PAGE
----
DISTANCES: 1/2 Mile Swim, 20k Bike, 5k Run
OFFICIAL TIME: 1 hour, 42 minutes, 24 seconds

I’ve Lost It…Officially

17 Aug

I think I’ve officially lost my mind. Do you want to know what happens when I spend eight hours driving to Sonoma, four hours drinking wine, wake up the next morning at 4:30 am and watch a friend cross the Vineman finish line? I sign up for a half-marathon and a triathlon a week apart. For real.

I think I was feeling a bit inspired when I hit the “Sign up here” button. Because the problem is that it’s August 17th and I was supposed to start training two weeks ago but I decided to buy a house too. So yeah…there’s that whole moving thing getting in the way of my plan to conquer, well, everything. And then there’s that 9 mile run in there the morning after my friend Katy’s wedding. Yeah…that’s gonna happen for sure. As a matter of fact, if you’re in Michigan on September 11th and see me running just slap me because nobody should run 9 miles after attending a friend’s wedding. Running that day would mean I failed as a wedding guest.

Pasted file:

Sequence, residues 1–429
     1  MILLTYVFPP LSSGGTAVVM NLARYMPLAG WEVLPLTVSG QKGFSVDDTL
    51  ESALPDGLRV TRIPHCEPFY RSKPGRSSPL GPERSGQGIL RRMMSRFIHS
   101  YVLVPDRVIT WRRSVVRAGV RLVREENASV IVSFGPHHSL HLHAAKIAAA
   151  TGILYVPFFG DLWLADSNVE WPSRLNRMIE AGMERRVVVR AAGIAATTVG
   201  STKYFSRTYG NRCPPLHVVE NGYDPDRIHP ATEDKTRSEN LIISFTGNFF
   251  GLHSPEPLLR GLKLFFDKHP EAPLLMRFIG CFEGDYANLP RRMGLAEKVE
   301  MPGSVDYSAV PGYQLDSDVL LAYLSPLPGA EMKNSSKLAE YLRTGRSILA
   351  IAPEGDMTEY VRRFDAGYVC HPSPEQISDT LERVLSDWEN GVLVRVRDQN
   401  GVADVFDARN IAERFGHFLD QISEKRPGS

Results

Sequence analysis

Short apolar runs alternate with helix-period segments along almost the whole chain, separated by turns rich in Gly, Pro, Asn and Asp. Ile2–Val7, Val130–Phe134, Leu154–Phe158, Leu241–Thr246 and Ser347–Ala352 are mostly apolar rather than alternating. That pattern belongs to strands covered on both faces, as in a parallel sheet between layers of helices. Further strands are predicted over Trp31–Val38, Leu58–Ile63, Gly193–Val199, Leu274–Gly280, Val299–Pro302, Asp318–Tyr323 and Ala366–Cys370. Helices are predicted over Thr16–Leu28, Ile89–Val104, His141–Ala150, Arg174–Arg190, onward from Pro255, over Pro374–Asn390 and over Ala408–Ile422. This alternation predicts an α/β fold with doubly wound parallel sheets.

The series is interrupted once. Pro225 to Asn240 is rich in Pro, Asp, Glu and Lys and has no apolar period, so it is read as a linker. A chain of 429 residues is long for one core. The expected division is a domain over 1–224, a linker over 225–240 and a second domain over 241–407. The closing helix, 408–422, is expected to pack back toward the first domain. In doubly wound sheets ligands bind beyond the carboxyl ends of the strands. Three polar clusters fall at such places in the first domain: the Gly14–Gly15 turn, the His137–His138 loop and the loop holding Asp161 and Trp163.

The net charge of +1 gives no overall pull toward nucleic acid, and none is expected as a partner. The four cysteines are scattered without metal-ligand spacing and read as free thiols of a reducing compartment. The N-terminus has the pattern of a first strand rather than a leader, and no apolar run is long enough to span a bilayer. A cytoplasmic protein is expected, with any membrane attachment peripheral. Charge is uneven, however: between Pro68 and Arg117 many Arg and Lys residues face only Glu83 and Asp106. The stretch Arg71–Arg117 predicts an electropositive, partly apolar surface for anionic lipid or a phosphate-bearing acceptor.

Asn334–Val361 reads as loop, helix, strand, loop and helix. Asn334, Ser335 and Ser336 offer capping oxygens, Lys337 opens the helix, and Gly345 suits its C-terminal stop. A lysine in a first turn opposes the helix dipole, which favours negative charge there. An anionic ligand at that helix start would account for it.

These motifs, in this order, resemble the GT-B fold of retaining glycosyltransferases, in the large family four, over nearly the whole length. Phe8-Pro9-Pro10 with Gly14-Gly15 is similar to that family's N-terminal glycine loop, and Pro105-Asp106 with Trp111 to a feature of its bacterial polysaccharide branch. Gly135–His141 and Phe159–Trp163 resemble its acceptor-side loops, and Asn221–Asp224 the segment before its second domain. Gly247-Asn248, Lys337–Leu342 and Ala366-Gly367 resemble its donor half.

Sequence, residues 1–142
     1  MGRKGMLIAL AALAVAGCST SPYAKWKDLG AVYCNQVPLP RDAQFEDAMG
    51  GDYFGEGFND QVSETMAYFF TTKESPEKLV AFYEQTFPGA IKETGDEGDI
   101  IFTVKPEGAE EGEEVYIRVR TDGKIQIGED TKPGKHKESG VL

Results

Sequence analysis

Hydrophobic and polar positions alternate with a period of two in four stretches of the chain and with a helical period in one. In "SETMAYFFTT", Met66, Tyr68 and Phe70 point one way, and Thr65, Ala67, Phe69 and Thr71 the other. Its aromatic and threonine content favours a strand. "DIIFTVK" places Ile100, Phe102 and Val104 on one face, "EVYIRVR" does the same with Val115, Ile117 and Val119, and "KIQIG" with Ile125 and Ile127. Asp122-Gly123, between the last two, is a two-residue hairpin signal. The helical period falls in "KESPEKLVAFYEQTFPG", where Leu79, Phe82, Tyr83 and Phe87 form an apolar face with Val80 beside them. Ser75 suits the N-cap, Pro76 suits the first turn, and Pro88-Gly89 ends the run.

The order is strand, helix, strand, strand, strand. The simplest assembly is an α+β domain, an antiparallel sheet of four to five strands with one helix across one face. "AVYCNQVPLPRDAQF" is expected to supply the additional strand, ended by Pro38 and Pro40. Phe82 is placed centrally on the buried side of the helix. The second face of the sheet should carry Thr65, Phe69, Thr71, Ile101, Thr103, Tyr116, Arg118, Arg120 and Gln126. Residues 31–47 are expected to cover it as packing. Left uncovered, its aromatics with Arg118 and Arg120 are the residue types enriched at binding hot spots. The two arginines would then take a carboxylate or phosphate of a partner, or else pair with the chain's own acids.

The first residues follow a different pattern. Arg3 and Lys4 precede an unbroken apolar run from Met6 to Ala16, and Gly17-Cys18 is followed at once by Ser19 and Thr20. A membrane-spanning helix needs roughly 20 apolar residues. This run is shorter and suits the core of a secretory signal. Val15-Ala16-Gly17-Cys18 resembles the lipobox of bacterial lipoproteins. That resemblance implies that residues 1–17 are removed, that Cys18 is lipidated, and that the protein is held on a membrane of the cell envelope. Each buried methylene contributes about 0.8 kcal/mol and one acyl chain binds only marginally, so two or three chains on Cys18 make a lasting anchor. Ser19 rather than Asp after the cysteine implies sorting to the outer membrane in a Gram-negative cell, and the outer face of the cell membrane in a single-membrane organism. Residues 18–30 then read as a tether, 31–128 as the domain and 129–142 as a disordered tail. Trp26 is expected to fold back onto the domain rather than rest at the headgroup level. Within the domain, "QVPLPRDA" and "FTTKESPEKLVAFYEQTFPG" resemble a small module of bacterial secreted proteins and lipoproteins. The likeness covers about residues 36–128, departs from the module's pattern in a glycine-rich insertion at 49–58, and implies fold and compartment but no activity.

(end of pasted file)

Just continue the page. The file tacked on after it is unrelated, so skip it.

A Typical Evening

12 Apr

So I sit down at the computer to sync my iPhone and download some new music. The tv is blaring Wonder Pets, Mike’s on the couch and Ava is standing over by him. I think, “I’m going to check my blog…see if there are any new comments from my dad or my two other friends who actually read this blog.” P.S. I love you three for reading it! When I get famous I’ll kick down some free stuff. 🙂

I get to my blog address and see that I have a new comment from someone who I don’t actually know. I read her blog but I don’t actually know her. I’m stoked…really stoked. This is what happens next:

Janice says: Babe…someone is reading my blog! Someone I don’t know is ACTUALLY reading my blog and commented!!!


Janice says: Mike!!! Did you hear me??? This is serious!!!! Someone I don’t know is reading my blog!!!


Ava collapses in a fit of giggles.

Once again the little booger steals my thunder! As I’m re-reading this for typos, I cannot believe I actually said, “This is serious.” Ha! But I do get excited to know that people read it.

On another note, I did the Irvine Lake Mud Run this weekend with a group of friends. There was a team there and the back of their shirts said, “What were we thinking?” After hitting that first mud pit, I thought of them. While it was the most fun run I’ve ever had, it was also the most uncomfortable. There are certain places where mud does not belong.

I swear…some people don’t get my sense of humor. At one of the obstacles some random guy kind of kicked mud on me and I turned around and said, “I’m sorry…could you try not to get mud on me? I really don’t want to get dirty.” He apologized! Poor guy…I had to explain I was joking…we were doing a MUD run, right?